This study investigated the characteristics of air pollutants generated from preparing Chinese cuisine and analyzed the isotopic compositions of carbon and nitrogen in particulate matter with a diameter <2.5 μm (PM2.5) to source apportionment study. The CO and CO2 concentrations and temperatures were measured using suitable instruments in real time during cooking, including stir-fry, fry, deep-fry, hot-pot, and mixed cooking, and periods with non-cooking. Personal environmental monitoring instruments were used to collect PM2.5 for carbon and nitrogen elements and isotopes analysis. Our data indicated that the concentrations of CO and CO2 and the temperature were higher during periods of cooking, especially for the fry and stir-fry methods, than during periods with non-cooking. The concentrations of PM2.5, total carbon, and total nitrogen were also higher during cooking; the maximum concentrations were measured during fry. The values of δ13C were considerably lower during the periods of cooking (mean: −28.15‰) than during non-cooking (−27.18‰). The average values of δ15N were 8.63‰ and 11.74‰ during deep-fry and hot-pot cooking, respectively. The δ13C values can be used to distinguish between cooking and other non-cooking sources and further assess the effect of different cooking activities on PM2.5. The δ15N only can be used to investigate the effect of deep-fry on PM2.5. Moreover, the δ13C signature suggested that fry emits higher products of incomplete combustion than do other cooking activities. These findings can assist in pollution source identification of PM2.5, emission control, and the study of combustion characteristics.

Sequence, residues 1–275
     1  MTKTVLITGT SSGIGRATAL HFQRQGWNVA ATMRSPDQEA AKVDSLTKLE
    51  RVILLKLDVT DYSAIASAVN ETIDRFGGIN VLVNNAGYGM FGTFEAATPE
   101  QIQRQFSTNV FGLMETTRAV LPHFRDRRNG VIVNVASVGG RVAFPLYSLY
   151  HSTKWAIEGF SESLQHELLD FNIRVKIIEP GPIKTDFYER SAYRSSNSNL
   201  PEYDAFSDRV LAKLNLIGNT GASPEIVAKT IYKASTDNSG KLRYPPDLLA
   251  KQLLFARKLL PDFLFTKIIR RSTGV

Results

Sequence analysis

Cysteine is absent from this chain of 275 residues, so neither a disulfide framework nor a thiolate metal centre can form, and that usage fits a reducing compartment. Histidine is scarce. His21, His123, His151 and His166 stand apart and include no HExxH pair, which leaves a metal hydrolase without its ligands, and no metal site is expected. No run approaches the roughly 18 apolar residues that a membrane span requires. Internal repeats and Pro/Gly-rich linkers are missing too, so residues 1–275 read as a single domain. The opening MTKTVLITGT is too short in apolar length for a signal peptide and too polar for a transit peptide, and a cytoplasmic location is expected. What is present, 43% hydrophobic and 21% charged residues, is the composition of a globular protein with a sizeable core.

All Science Journal Classification (ASJC) codes
- Health, Toxicology and Mutagenesis